December 6, 2018 at Beurscafe, Cobra Bar Gallery, and Lord Byron in Brussels
7.00 to 9.00pm at Beurscafe, Cobra Bar Gallery, and Lord Byron
Les Mots bleus, a series of intimate readings of new writing by artists for the bar room.
9.00pm onwards at Beurscafe
A Tragicomedy About Political Organizing, a story told by Mary Jirmanus Saba
She has Room, a performance by Noor Al-Samarrai
Shazamy, a music/DJing session by Andeel
A Step Too Far was an evening in two parts presented in collaboration with the Beursschowburg. The night began with a walk between the bars Beurscafe, Cobra, and Lord Byron in Brussels city center for Les Mots bleus — a series of intimate readings of new writings by artists Andeel (Egypt) with Mary Jirmanus Saba (Lebanon), Noor Al-Samarrai (Iraq/US), and Abdellah Taïa (Morocco). Later, the program continued at the Beurscafe with a story told by filmmaker and geographer Mary Jirmanus Saba, a performance by poet and musician Noor Al-Samarrai, and ended with music mixed by cartoonist and writer Andeel.
The first of a new series of evening programs, A Step Too Far is an ongoing experiment by Mophradat with different forms of direct public address that propose changed dynamics between artists and audiences that generate immediate relationships in shared social space. “A Step Too Far” implies both a setting where gentle intimacy is desired yet unattainable, but also a situation where intentional provocation elicits unease. These evenings will continuously swing between both.
Les Mots bleus is a series of texts written by visual artists, performers, and writers commissioned to be read aloud in bars. On the night of Les Mots bleus, the audience was invited to walk from bar to bar where a reader, sitting at a table, was waiting to read one of the stories. These words, over a table and possibly a drink, were an invitation to follow some adventure similar to how late night conversations in bars can sometimes be. Les Mots bleus is an ongoing project developed collaboratively by curator François Aubart and artist Benjamin Seror.
A Tragicomedy About Political Organizing is a story told by Mary Jirmanus Saba about summer 2015 when her neighbor installed an electricity generator in the building next door, just one short meter away from her bedroom wall, and proceeded to run it 15 hours a day. Meanwhile, trash removal — the last existing public service provided by the Lebanese government — was suspended, carpeting Beirut in garbage for weeks, and sparking a series of mass demonstrations, the demands of which the state would completely ignore. Without sleep, and frustrated by the horizons for change, she decides to organize her building.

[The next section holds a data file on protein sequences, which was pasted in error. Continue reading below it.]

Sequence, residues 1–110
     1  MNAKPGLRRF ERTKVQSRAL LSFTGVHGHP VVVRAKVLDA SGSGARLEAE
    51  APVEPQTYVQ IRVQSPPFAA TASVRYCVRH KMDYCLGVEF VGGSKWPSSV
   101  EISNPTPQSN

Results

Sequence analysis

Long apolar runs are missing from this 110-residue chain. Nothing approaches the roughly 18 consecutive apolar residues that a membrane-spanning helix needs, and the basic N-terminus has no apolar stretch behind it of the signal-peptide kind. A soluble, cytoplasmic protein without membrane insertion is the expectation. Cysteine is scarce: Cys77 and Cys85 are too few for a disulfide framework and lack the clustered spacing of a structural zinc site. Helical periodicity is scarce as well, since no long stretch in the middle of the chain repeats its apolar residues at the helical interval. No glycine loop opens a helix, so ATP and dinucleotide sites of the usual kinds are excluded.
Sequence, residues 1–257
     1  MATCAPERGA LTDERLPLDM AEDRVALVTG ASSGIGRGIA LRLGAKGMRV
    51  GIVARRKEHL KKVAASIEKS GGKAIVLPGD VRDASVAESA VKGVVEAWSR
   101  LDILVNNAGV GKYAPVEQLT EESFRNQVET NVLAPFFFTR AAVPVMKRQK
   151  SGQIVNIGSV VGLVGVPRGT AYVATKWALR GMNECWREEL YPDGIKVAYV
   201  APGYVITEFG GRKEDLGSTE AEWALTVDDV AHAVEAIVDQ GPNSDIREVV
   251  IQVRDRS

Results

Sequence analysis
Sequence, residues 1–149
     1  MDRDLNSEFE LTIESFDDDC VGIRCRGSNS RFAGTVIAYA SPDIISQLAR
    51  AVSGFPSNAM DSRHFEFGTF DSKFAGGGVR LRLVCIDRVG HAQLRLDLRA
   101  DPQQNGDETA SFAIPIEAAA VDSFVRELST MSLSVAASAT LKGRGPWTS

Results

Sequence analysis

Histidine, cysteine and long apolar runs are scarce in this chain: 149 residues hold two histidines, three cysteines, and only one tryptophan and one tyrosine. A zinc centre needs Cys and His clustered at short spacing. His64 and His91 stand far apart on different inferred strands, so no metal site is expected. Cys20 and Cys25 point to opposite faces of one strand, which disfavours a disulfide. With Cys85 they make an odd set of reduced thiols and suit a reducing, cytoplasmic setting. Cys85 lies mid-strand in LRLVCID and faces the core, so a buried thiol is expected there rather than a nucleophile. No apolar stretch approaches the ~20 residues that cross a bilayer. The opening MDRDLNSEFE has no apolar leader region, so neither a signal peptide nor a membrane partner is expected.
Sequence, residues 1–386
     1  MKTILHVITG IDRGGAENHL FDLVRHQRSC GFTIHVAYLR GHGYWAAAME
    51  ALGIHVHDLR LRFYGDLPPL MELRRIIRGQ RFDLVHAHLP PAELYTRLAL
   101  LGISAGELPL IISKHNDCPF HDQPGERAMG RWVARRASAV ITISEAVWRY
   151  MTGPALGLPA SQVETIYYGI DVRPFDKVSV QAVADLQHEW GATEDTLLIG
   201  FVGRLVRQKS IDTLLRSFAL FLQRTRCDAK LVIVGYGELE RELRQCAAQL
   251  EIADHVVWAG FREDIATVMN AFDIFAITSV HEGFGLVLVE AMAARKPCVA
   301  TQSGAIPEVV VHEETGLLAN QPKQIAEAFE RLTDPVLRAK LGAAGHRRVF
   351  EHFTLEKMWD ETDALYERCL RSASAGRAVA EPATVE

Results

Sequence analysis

In She has room, Noor Al-Samarrai backtracks between catharsis and a goldmine of inherent awkwardness in an attempt to unify body and voice. There will be henna ‘n eggs. There will be slop and mud, and an attempt to get to the heart of it.
For Shazamy, Andeel uses the help of AI and a combination of multiple apps to create an illusion of professional overrated DJing. A rough mixture of non-homogenized genres, beats, and tempos with a subtle political undercurrent emphasizing the necessity of being as open as possible on the dance floor, particularly during dark times of xenophobia.
Andeel (b. 1986) is an Egyptian cartoonist, journalist, scenarist, experimental artist, actor, and sometimes DJ. He works in journalism, cinema, and in the internet since 2005.
Mary Jirmanus Saba (b. 1983) is a geographer who uses film and other media to explore the histories of the labor movement in the Arab world, and its connections to Latin America, feminist internationalism, and new transformative possibilities. Her debut feature A Feeling Greater Than Love won the International Critics Prize at the 2017 Berlinale Forum.
Noor Al-Samarrai (b. 1992) is an Iraqi-American poet and performer. She studied at UC Berkeley and was a Fulbright Creative Arts Grantee in Amman where she studied oud with Omar Abbad, taught creative writing at the University of Jordan, and collected oral histories about life and love in mid-20th-century Baghdad for a book on the city’s psychogeography. Her poetry collection El Cerrito was published by Inside the Castle Press in 2018.
Abdellah Taïa (b. 1973) is a Moroccan writer published by Éditions du Seuil. His novels have been translated into several languages: Le rouge du tarbouche (2005), L’Armée du salut (2006), Une mélancolie arabe (2008), Lettres à un jeune marocain (2009), Le jour du Roi (Prix de Flore, 2010), Infidèles (2012), Un pays pour mourir (2015), and Celui qui est digne d’être aimé (2017). In 2014, he produced his first movie, based on the eponymous novel, L’Armée du salut. It won the Grand Prix du Festival d’Angers.